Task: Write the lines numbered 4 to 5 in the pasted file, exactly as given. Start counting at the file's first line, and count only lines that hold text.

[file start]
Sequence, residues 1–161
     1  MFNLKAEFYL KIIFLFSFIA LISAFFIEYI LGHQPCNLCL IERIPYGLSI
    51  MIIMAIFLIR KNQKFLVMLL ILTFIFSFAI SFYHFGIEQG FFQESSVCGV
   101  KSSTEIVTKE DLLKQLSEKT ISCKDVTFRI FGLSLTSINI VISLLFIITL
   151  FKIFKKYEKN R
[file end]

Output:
   101  KSSTEIVTKE DLLKQLSEKT ISCKDVTFRI FGLSLTSINI VISLLFIITL
   151  FKIFKKYEKN R